Swantje Eissing, Business Development Manager, Packaging and her colleagues at the Fraunhofer Institute for Process Engineering and Packaging IVV in Freising, Germany, are working on the packaging of the future.
The Fraunhofer IVV in Freising, near Munich, is well known for its expertise not only in packaging but in the food industry. So the way packaging protects food plays a major role in its researchers’ efforts, and is one of their main focuses. Food safety, packaging and sustainability are all part of the picture. “For us, sustainability aspects also include food shelf life, which packaging can extend. That can reduce food waste”, Swantje Eissing explains. As a Business Development Manager in the Packaging unit at the Fraunhofer IVV, she’s responsible for maintaining a central interface between science and industry. “I’ve been with the Fraunhofer IVV for more than a year. Before that I worked in research and development for major-name producers in the food industry. So that makes me very good at linking industry’s needs with research.”
Like the entire packaging industry, this research field at the Fraunhofer IVV is currently very much centred on sustainability. “Consumers, retailers and government have all been paying a lot of attention to that factor over the past few years, and they’ve kicked off a megatrend. In materials development we’re especially looking at recyclability and how to use recycled materials. We’re concentrating most of all on replacing multilayer plastics with monomaterials”, Eissing continues. But organic packaging and replacing plastics with fibre-based raw materials are also important fields of research at the institute.
From disposable packaging to a circular economy
According to Eissing, packaging should “pave the way for reusability in the broadest sense”. And here she’s not talking about packages that get returned for a deposit, but rather the reuse of materials – a circular economy.
“The whole value chain is undergoing a transformation right now. That will call for close coordination among all the various parties involved. Manufacturers, packagers and recyclers need to get into dialogue about the materials they use. The user has to use materials that the recycler can do something with. Recyclers, for their part, need to sort and process the material to yield a good starting material for manufacturers”, Eissing points out. Big differences especially persist in the technologies and options for collecting and sorting materials that can then be reused to make packaging. Which makes it hard to create a harmonised approach that will work all across Europe.
Transformation with challenges
Eissing believes the food industry is one of the sectors that faces the greatest challenges in terms of sustainable packaging. “That’s not because the industry doesn’t want to – it’s really more about the specific requirements for food packaging. Aspects like food safety and the laws lay down clear requirements, and also limits. How to get all of that harmonised is what we’re researching at the Fraunhofer IVV.”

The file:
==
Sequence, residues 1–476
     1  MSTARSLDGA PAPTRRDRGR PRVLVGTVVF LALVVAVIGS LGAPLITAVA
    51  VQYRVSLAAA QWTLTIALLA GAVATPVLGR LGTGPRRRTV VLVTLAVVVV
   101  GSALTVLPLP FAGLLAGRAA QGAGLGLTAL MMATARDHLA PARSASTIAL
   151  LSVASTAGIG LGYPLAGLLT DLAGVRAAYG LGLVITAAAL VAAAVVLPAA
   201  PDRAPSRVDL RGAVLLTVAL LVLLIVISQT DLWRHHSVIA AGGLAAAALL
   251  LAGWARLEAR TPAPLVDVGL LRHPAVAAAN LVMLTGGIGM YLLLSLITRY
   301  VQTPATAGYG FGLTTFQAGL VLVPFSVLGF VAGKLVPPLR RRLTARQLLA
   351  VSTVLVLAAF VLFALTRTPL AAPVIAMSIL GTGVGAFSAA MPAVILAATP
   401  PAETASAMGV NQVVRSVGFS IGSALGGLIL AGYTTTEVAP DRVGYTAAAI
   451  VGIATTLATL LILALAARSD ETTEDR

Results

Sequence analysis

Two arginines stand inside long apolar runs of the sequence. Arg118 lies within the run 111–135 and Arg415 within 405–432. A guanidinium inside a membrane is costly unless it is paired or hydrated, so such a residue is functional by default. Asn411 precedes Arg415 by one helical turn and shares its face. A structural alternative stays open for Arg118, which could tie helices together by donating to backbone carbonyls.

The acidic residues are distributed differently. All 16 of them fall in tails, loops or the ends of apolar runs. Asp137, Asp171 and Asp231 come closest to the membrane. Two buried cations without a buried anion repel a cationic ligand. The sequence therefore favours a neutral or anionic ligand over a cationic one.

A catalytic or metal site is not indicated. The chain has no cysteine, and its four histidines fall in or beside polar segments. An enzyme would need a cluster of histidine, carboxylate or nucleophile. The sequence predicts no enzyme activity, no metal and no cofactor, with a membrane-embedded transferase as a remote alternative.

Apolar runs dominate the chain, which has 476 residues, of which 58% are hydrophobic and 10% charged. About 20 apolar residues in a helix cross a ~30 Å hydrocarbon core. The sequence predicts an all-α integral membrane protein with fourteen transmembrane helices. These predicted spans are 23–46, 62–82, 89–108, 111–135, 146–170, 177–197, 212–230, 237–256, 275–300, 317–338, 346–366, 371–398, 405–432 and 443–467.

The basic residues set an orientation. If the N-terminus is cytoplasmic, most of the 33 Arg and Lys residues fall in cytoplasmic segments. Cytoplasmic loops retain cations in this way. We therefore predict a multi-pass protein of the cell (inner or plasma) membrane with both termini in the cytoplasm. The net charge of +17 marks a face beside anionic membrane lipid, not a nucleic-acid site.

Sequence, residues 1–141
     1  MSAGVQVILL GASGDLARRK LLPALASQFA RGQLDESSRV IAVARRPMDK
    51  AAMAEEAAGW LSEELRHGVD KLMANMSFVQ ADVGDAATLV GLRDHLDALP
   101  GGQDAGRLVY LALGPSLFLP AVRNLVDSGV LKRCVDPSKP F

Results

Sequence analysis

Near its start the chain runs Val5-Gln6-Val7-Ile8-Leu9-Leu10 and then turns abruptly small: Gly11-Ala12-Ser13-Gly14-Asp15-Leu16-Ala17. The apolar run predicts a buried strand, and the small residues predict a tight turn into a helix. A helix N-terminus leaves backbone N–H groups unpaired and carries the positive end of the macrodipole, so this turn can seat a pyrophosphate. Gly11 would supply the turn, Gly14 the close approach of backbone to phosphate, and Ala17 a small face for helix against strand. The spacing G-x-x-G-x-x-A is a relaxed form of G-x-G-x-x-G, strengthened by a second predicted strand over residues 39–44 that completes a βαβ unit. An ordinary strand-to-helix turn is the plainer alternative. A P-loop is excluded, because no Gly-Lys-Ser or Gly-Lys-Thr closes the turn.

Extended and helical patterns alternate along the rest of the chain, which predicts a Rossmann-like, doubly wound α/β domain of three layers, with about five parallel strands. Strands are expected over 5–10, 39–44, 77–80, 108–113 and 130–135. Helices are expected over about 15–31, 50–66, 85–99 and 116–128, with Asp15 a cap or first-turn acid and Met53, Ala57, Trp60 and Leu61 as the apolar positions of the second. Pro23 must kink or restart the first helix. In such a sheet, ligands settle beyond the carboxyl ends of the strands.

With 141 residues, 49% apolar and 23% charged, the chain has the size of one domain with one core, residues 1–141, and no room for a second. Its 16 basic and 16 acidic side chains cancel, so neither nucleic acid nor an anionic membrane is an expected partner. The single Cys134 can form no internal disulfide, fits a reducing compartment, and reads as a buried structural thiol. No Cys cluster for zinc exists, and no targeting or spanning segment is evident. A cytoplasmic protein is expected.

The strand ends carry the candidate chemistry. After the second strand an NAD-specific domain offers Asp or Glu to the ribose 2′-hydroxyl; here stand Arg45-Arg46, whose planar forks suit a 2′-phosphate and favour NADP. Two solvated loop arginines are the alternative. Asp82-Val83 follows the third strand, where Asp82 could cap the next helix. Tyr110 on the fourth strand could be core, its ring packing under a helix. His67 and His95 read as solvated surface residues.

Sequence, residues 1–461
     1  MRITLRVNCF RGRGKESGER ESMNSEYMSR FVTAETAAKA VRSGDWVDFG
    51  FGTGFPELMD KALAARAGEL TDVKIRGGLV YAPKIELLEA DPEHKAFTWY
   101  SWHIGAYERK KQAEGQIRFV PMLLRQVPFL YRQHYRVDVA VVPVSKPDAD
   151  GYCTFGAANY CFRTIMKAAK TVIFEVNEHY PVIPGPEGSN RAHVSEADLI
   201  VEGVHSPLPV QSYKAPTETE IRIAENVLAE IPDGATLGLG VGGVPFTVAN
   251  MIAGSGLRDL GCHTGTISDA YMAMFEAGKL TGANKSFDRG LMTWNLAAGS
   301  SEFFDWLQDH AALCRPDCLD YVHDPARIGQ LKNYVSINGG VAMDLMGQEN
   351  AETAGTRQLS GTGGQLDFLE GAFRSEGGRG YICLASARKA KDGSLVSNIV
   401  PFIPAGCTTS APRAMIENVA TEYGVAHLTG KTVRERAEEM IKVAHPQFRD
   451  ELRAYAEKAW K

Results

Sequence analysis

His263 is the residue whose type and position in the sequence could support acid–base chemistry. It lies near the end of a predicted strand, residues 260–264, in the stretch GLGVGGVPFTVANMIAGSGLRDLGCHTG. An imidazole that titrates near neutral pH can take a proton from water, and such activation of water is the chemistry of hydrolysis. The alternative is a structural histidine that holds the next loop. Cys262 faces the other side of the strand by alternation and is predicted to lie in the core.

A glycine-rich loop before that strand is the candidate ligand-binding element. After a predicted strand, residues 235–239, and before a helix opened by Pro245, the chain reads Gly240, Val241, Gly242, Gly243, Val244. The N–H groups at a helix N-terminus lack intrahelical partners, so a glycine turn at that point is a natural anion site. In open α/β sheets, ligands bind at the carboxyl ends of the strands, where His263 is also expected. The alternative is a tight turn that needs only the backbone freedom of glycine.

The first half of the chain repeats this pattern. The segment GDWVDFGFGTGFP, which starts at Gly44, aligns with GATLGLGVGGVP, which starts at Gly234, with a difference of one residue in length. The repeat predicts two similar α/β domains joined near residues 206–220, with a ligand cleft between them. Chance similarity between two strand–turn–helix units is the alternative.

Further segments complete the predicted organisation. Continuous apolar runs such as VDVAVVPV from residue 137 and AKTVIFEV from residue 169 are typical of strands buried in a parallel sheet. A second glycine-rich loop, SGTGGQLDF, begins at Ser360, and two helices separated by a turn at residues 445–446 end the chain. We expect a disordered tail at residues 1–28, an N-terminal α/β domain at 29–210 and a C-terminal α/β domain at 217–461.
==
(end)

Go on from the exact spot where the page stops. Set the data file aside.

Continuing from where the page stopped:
Good sorting yields good raw materials
The Fraunhofer IVV team is working with partners on questions like how to ensure that sorting systems can recognize food packaging for what it is, and also to make sure the packaging can be reused. That might be done by way of things like codes or markers on the packages.
The EU-backed Circular Food Pack Project, which is still running, is focussing on exactly this next step – studying such a cycle for reusing recycled materials in the food industry. Apart from sorting technologies, it’s also developing functional barriers that will ultimately yield a material that is suitable for use as food packaging and that can also be applied for cosmetic packaging, and keeps the packaging in circulation.
Packaging design for better recyclability
One research approach that is already making significant progress in terms of package recyclability is the development of monofilms. “Development is still going on here, and is constantly coming up with exciting new findings”, Eissing enthuses.
She’s especially proud of the Multicycle Project that has just been completed by the institute’s expert teams from materials development and recycling technology. They were aiming to obtain recycled materials from multilayer packaging in post-consumer waste. A demonstration system applied the CreaSolv® solvent-based recycling process to separate the individual components of the composite and ultimately recover the pure polymers. These were processed into films in pilot systems from materials development, and industrial partners then helped turn them into demonstrator packaging for personal care and home care uses. “Another special aspect of the project for me was that unlike many other research activities, in the end it produced physical samples, and you could actually hold the results in your hand.”
Even when there are no physical results, Eissing is enthusiastic about her profession. “You couldn’t ask for a more current topic – it’s something all of society is concerned about. No matter whether you have an expert knowledge of packaging or not, everybody’s a consumer and has an opinion about packaging.” She finds it especially exciting to delve into this subject, get the many different requirements linked up together, and advance the sustainability aspect within research for industry.
The Fraunhofer IVV is a regular exhibitor at FACHPACK, and will be offering intriguing presentations once again this year, including in the TECHBOX. Swantje Eissing will certainly have another chance to report on new research results by that time at the latest.